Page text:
An arbitrator whose award contradicts an unambiguous provision of a contract may—but will not necessarily—exceed her powers. The answer depends on what the agreement says, what the award says and whether the award is at least arguably grounded in the agreement.

Whether or not a contract or contract term is “ambiguous” depends on whether it is reasonably susceptible to more than one meaning. See, e.g., White v. Continental Cas. Co., 9 N.Y.3d 264, 267 (2007); Greenfield v. Philles Records, 98 N.Y.2d 562, 570-71 (2002). When a contract is unambiguous, a court can interpret it as a matter of law; if it is ambiguous, its meaning is a question of fact for trial.

Can an Interpretation be “Unreasonable,” yet still Colorable or Plausible?

The legal standard for lack of ambiguity is that there be only one “reasonable” interpretation of the contract terms, not that there are no other at least barely plausible or barely colorable interpretations of what the contract might mean. In probably the majority of contract interpretation cases concerning alleged contract ambiguity, each litigant supports its position with good-faith, reasonable arguments for why the disputed contract terms are allegedly susceptible to one or more than one meaning. Whenever courts determine that a contract is unambiguous, that conclusion necessarily means that the losing party’s interpretation of the contract is unreasonable as a matter of law. Continue Reading »

What is the Statute of Limitations for a Reinsurance Claim under New York Law and When does it Begin to Run?

November 5th, 2014 Claims Handling, Contract Interpretation, Insurance Contracts, Late Notice, New York Court of Appeals, New York State Courts, Nuts & Bolts, Nuts & Bolts: Reinsurance, Practice and Procedure, Reinsurance Claims, Retrospectively-Rated Premium Contracts, Statute of Limitations No Comments » By Philip J. Loree Jr.

Part IV.C.1

 

Why Hahn Automotive v. American Zurich Ins. Co. is an Important Statute-of-Limitations Accrual Case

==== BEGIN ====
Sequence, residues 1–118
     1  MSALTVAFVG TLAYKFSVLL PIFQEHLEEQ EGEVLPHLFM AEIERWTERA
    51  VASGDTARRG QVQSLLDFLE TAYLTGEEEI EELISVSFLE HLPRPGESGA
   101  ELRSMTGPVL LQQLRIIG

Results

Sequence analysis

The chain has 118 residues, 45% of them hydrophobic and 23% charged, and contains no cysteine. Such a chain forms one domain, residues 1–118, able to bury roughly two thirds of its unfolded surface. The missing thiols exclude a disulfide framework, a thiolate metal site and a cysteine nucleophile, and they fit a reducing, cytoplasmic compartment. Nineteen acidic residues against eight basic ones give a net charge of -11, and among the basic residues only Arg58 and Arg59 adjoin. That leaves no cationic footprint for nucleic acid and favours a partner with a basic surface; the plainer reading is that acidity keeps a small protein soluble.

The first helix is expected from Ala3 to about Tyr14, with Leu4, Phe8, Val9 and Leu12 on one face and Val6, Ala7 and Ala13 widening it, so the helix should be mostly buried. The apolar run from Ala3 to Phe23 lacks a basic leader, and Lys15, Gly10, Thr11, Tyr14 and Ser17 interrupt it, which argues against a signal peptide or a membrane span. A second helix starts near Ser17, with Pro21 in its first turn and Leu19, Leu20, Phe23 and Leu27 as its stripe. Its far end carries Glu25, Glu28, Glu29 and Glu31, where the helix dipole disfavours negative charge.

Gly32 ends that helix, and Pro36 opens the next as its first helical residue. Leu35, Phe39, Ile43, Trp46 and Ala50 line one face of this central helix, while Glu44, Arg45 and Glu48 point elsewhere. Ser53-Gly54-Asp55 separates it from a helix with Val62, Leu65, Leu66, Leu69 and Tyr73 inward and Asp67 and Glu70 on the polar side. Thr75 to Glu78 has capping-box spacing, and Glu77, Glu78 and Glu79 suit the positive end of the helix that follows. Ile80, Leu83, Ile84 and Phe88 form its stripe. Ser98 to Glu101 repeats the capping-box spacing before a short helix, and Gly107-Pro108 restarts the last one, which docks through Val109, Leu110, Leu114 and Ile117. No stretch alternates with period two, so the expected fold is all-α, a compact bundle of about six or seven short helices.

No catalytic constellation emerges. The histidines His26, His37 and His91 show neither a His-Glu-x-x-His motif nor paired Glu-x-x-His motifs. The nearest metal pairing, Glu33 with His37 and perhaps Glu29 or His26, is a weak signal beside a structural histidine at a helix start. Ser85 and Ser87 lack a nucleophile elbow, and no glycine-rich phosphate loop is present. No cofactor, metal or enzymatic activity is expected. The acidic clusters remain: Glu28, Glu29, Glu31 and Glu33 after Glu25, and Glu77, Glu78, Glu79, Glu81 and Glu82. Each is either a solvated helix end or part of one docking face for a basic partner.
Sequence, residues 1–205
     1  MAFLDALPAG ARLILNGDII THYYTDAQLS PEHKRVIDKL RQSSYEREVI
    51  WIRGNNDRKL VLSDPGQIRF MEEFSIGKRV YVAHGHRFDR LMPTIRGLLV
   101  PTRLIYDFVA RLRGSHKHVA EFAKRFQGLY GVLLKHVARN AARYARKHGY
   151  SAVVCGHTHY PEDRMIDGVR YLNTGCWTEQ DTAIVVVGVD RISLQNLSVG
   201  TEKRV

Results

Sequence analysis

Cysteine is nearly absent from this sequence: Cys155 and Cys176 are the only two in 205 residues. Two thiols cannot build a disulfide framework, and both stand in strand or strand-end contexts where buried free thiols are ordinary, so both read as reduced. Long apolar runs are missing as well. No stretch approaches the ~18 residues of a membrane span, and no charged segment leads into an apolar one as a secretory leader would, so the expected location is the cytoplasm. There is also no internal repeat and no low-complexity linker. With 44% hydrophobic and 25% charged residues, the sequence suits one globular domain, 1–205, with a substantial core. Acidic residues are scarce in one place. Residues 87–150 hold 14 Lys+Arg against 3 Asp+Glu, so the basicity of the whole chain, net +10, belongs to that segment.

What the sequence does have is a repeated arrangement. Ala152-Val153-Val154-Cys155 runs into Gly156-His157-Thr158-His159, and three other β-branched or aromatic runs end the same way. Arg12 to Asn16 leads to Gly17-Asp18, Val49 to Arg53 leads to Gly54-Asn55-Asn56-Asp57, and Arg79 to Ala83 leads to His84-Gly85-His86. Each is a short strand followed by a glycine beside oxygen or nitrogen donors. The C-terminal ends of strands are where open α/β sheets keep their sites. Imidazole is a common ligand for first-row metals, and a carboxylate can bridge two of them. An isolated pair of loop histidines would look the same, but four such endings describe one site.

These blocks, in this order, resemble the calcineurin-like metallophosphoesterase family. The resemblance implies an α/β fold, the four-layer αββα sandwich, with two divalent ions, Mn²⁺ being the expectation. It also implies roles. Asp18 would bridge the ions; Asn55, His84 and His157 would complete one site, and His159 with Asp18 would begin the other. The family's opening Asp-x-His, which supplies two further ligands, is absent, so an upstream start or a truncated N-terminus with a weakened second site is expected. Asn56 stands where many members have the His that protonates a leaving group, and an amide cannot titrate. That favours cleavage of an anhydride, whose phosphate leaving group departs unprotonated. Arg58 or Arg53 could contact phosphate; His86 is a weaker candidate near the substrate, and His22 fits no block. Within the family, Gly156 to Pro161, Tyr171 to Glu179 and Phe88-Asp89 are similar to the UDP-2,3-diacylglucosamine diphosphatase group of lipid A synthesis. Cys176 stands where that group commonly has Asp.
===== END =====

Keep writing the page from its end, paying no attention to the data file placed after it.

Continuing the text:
(Cont’d)

 

 Introduction

Part IV of our New York reinsurance statute-of-limitations feature started out by taking a closer look at Hahn Automotive Warehouse, Inc. v. American Zurich Ins. Co., 18 N.Y.3d 765 (2012). (See Part IV.A.) Part IV.B enumerated the seven reasons Hahn is a very significant development in New York statute-of-limitations law, and discussed the first two reasons,  namely that Hahn:

  1. Creates a new general rule, which effectively extends to a larger universe of contracts a statute of limitations accrual principle that the New York Court of Appeals had applied only to certain specific types of contracts, including contracts of indemnity; and
  2. Demonstrates that, outside the limited context of express conditions, breach-of-contract statute-of-limitations accrual is not exclusively a matter of party intent.

Part IV.B. also set the stage for discussing the third reason, that is, Hahn suggests the New York Court of Appeals—if faced with an accrual question where the obligor’s obligation to perform is conditioned on the obligee’s demand for payment—may deem the statute of limitations to accrue: (a) once the obligee is legally entitled to demand payment; or (b) the earlier of (i) the date the obligee demands payment or (ii) the expiration of a commercially reasonable period measured from the date the obligee became legally entitled to demand payment.

This Part IV.C.1 wraps up our discussion about Hahn’s likely influence on how courts applying New York law will decide cases where—unlike Hahna demand for payment is an express condition of the obligor’s duty to perform, but—like Hahn—the obligee has, for whatever reason, delayed making a demand. The focus of the wrap-up is on why we think that courts will probably permit accrual to be delayed for no more than a brief, commercially reasonable period, and may simply conclude that the Hahn legally-entitled-to-demand-payment rule should govern such cases because the performance of the condition is within the obligee’s control,  the benefits of the Hahn rule far exceed its costs and the costs of a “commercially reasonable time” rule exceed its benefits. Continue Reading »

What Happens when Arbitrators Exceed Clear Limitations on their Authority?

October 24th, 2014 Arbitrability, Arbitration Agreements, Arbitration and Mediation FAQs, Arbitration as a Matter of Consent, Arbitration Practice and Procedure, Attorney Fees and Sanctions, Authority of Arbitrators, Awards, Confirmation of Awards, Contract Interpretation, Drafting Arbitration Agreements, Grounds for Vacatur, Judicial Review of Arbitration Awards, New York State Courts, Nuts & Bolts, Nuts & Bolts: Arbitration, Practice and Procedure, Small Business B-2-B Arbitration, State Arbitration Law, State Arbitration Statutes, State Courts, United States Court of Appeals for the Second Circuit 2 Comments » By Philip J. Loree Jr.

One advantage of arbitration is that parties can define and delineate the scope of disputes they agree to submit to arbitration, the basis on which disputes  can or must be resolved and the scope of the arbitrator’s remedial powers. If parties impose clear limits on an arbitrator’s authority (usually by expressly excluding certain matters from arbitration or expressly providing that an arbitrator cannot or must grant certain remedies), then courts and arbitrators are supposed to enforce those limitations. See, e.g., Stolt-Nielsen S.A. v. Animalfeeds Int’l Corp., 559 U.S. 662, 680-81 (2010).